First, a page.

Ok, so I may not be entirely fair to this series.  Enishi is season 2 to the original anime series.  Apparently the first few episodes of season 1 is a decent romance story.  Unfortunately, the anime series then takes a turn and becomes the bastard lovechild of a romance story (presumably for female appeal) and a harem comedy (presumably for male appeal).  A harem comedy is a Japanese “genre” where there is a male character surrounded by multiple female characters.  The word harem is slightly misleading for me because to me harem implies that there is a male sleeping with multiple women (which is not the case with that sort of anime).  And harem is derogatory as it reflects North American views that look down upon other cultures that are weird because not all of them are monogamous.  But it is ok for men to sleep with multiple sex objects… it’s just not cool to get married to more than one of them.  Yo, got it!

Anyways, in the harem comedy part of Ai Yori Aoshi, the male character is living with his love interest Aoi, her friends (all of which “happen” to be attractive), a voluptuous maid, and a mistress who manages the house.  Ok.

There is plenty of fan service (shots or scenes inserted to please the fans)… in this case they are plenty of gratuitous upskirt shots, panty shots, nude shots (but the women are nippleless so this DVD is supposedly 13+), etc.  The comedy part of harem comedy comes about because the characters do “funny” things.  Aoi’s American friend harasses the other girls by grabbing their breasts… this supposedly fits her American stereotype because that is what American girls do.  Right.  But perhaps I am missing something about Japanese culture???  In an episode of Pokemon that is banned in the US, James cross-dresses as a woman and makes fun of Misty’s smaller chest size.

So what it comes down to is this: I don’t claim to understand Japanese culture.  It is weird.  Perhaps I am misrepresenting it.  I haven’t heard of the phrases fan service or harem comedy until researching this anime series.  So next week, I will try to do a better job of understanding Japanese culture and see if there is something redeeming about the first few episodes of this series (which I have not yet seen).  To be continued…

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Bicycles and Soul Eater review

Before starting the review, let me tell you something about bicycles.

  1. Make sure that the brakes work properly.
  2. Do not go crazy fast down a hill if there are people on the same path at the bottom.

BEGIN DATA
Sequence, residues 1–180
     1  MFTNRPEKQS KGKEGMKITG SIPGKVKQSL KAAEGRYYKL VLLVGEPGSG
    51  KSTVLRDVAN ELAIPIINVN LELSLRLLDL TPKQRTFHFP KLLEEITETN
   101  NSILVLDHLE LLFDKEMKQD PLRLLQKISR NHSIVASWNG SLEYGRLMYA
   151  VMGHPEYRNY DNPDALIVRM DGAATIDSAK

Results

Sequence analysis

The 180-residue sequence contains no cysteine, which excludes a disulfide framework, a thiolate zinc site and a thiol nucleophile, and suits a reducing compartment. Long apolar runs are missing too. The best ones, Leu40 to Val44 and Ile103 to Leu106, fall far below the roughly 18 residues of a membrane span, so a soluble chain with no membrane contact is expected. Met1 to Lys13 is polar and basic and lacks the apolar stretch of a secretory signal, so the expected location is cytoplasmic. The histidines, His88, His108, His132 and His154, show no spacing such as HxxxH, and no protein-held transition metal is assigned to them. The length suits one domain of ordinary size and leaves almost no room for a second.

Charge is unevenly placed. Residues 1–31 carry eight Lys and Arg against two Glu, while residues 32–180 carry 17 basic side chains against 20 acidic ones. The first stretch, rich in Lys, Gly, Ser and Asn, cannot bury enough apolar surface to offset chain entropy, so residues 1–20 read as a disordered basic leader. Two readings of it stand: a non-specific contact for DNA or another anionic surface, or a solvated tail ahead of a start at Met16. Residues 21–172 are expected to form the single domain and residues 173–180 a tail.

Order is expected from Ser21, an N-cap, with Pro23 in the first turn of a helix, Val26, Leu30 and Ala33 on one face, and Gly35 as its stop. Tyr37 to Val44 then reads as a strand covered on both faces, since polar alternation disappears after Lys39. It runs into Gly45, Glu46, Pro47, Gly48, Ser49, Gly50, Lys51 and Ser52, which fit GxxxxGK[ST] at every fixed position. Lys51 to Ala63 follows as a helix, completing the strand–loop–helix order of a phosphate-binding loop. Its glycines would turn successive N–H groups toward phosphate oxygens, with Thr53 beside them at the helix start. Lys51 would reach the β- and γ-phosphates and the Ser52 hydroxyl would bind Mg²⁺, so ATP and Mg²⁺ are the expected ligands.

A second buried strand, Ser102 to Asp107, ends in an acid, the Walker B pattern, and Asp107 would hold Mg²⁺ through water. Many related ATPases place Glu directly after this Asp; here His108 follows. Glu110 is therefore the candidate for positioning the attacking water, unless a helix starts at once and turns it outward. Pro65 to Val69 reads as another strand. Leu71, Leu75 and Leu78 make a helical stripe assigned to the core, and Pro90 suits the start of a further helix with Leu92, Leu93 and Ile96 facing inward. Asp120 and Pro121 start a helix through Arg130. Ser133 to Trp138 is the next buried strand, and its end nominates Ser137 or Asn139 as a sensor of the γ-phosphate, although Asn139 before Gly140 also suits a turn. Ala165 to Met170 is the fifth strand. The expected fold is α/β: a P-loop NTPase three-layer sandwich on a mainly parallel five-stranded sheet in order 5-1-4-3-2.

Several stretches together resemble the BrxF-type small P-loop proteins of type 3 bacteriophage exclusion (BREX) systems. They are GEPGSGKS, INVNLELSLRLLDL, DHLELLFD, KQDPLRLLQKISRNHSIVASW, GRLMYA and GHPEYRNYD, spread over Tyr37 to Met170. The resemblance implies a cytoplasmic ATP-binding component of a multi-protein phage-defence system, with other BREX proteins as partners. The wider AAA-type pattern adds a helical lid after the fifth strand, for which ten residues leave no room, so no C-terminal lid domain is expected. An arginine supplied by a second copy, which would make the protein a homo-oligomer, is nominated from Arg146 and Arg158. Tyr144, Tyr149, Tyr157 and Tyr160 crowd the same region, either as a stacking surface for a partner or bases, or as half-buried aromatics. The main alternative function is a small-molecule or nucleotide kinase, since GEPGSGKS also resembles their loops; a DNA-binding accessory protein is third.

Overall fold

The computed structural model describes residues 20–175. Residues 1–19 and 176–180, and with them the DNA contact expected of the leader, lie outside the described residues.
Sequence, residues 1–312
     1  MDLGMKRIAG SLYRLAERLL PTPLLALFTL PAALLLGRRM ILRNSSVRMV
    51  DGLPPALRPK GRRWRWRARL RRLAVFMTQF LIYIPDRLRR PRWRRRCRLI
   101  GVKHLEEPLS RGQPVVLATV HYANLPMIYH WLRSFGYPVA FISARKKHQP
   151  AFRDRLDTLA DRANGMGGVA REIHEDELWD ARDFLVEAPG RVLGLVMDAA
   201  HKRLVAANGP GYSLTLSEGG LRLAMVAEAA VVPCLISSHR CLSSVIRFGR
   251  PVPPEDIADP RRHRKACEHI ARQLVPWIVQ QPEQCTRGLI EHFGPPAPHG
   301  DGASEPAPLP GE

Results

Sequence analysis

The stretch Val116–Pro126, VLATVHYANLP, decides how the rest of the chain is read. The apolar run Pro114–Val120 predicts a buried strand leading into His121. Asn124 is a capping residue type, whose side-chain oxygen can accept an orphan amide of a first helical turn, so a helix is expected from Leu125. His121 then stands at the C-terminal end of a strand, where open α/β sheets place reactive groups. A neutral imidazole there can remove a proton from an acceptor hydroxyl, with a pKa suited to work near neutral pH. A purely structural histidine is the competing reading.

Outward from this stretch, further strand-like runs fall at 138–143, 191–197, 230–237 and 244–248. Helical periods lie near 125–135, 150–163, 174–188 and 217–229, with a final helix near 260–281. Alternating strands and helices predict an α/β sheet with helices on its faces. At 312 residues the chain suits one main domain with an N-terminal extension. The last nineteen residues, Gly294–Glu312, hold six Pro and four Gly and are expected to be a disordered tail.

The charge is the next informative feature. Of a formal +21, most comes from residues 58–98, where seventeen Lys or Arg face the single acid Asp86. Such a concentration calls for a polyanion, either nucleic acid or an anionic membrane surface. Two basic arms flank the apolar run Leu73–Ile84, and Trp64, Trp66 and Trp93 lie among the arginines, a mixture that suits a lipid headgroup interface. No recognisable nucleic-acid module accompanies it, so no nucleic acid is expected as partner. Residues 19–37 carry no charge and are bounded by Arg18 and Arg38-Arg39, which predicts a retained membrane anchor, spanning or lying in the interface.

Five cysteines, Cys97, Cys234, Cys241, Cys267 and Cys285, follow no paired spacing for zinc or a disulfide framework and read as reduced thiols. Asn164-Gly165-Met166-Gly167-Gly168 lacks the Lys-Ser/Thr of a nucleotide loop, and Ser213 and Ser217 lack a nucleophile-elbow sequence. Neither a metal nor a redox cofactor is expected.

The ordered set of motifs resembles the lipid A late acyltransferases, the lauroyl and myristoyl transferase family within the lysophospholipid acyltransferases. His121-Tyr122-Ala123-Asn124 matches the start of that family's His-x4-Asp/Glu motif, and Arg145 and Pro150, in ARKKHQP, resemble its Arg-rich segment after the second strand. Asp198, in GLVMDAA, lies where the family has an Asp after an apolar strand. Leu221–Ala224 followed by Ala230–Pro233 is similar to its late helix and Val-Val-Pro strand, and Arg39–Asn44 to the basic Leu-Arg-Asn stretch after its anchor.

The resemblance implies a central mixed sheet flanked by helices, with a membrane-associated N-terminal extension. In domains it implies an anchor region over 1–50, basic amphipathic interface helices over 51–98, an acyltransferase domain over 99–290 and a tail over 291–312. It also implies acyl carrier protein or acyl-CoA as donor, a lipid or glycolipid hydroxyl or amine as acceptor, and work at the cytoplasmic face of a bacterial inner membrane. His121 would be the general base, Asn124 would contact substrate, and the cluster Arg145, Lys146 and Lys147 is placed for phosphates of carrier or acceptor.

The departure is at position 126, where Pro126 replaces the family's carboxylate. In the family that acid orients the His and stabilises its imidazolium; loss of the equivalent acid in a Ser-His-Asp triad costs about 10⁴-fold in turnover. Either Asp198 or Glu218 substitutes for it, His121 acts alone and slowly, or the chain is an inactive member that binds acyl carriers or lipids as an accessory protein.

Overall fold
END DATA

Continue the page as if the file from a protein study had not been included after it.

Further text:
3. Little girls are bad at dodging fast bikes going down a hill.  True story.  (And yes, I am terrible person… so let’s never again mention the time I ran over a little girl with my bike.)

Ok, on with the review.

Soul Eater is an anime series where the heroes must kill bad guys and eat their souls.  It’s like the better, cooler version of Harry Potter.  The main protagonists go to the “Death Weapon Meister Academy” where they learn to improve their powers and to defeat the bad guys.  Like real school, except way better. But unlike HP (it stands for Harry Potter dammit), it’s way less emo and the writing is very funny.

You can watch some of the episodes on Youtube.  Here is the official channel by Funimation: http://youtu.be/n0nxQXTdu9c

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[BLANK] Anime

Since I can’t keep my online posting to myself, here’s my response to a post on the following Kotaku thread, that brought up how a lot of anime plots are the same: http://ca.kotaku.com/5559926/resident-evil-creator-jrpgs-were-never-popular-in-the-west


@jay13x: Just a quick response to your anime comment; what I like about anime is that there is a show that address EVERY subject matter (fantasy, sci-fi, cooking, sports, playing board games, high school, the work world, etc, basically, something for everyone).


But yes, when you break it down, too many of the key plots are exactly the same. See how many series you can fill in the blanks with these:


- main character wants to be the best at [blank] and goes on a journey challenging various people at [blank] and learning about friendship.


- lone traveler sets out on a journey to [blank], picks up a band of characters / friends along the way, we gradually find out the character’s true intentions, they all stick together and follow through in saving the [blank]


- main character gains the abilities of [blank] and with the help of their new mentor/friend, must defeat many [blanks] that are popping up all over the city.


and finally,


- [blank] happens, then there’s a tournament.